And that goes back pretty far. The US still has some of the world's best freight rail infrastructure. And that is in part because people overestimated the amount of passenger rail demand in the late 19th century and built way too many railroads, but the railroads still exist. And in modern terms, what's more important is that the rights of place still exists. You can't build a physical thing in a straight line between any two big population centers without running into at least one endangered species or an AMBI. But if it's already built, it still exists and it's going to be of monopoly forever. So yeah.

Byrne (00:12:12):

I think bubbles are really important and there are a lot of different theories for why they come up about. You can talk to people who are, I guess you could think of it as progressive flavored skeptics where they'll say that bubbles are this just perfusion of greed. And then you have this rightest, or maybe libertarian leaning version where it's no, bubbles are always everywhere, just due to an increase in the quantity of money that eventually flows close to markets because they're able to produce this indefinite supply of things that you can trade money for. I think all the bubble theories out there, and there are many of them, they're all useful. They all point to something interesting and important.

Byrne (00:12:53):

And then what I think Girard adds to it is that there is just this consistent theme in bubbles that whatever people are betting on was a good idea when it started. And that the people who figured that out were generally really, really smart people who are also really ambitious and just the kinds of people you want to be in charge of organizations to try to change the world.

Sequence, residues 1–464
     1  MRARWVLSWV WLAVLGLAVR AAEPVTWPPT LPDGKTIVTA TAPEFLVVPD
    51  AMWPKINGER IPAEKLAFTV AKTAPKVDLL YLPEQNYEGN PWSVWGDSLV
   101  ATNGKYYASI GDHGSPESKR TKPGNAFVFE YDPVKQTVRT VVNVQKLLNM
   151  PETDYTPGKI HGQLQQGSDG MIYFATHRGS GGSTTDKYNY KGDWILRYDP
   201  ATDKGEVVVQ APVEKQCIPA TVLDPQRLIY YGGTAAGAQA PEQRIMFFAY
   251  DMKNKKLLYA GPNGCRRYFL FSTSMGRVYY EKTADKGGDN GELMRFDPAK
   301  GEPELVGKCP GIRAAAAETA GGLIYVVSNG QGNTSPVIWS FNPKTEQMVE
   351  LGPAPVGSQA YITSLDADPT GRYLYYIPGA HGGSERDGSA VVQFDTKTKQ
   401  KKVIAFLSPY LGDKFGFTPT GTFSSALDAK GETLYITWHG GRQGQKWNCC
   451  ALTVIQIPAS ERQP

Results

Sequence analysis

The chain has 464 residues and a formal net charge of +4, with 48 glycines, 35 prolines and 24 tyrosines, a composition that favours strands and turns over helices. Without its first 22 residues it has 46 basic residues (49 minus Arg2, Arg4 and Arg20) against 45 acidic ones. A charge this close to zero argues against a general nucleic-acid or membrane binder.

Byrne (00:13:12):

And then you end up with a lot of fakers. By the end of the bubble period you have everybody making these weird knockoff clones, or maybe the clone seems a lot cooler on the surface, but it's actually fundamentally pointless and doesn't do what the original does or doesn't even understand why the original is so great. But you have these two levels of mimetic desire. There you have one, someone who's starting a starting in the late 90s, they really want to be like Jeff Bezos. And then another level you have the investors who really want to have invested in Amazon at the IPO. Amazon had already gone up, but they can find us other thing.

Byrne (00:13:48):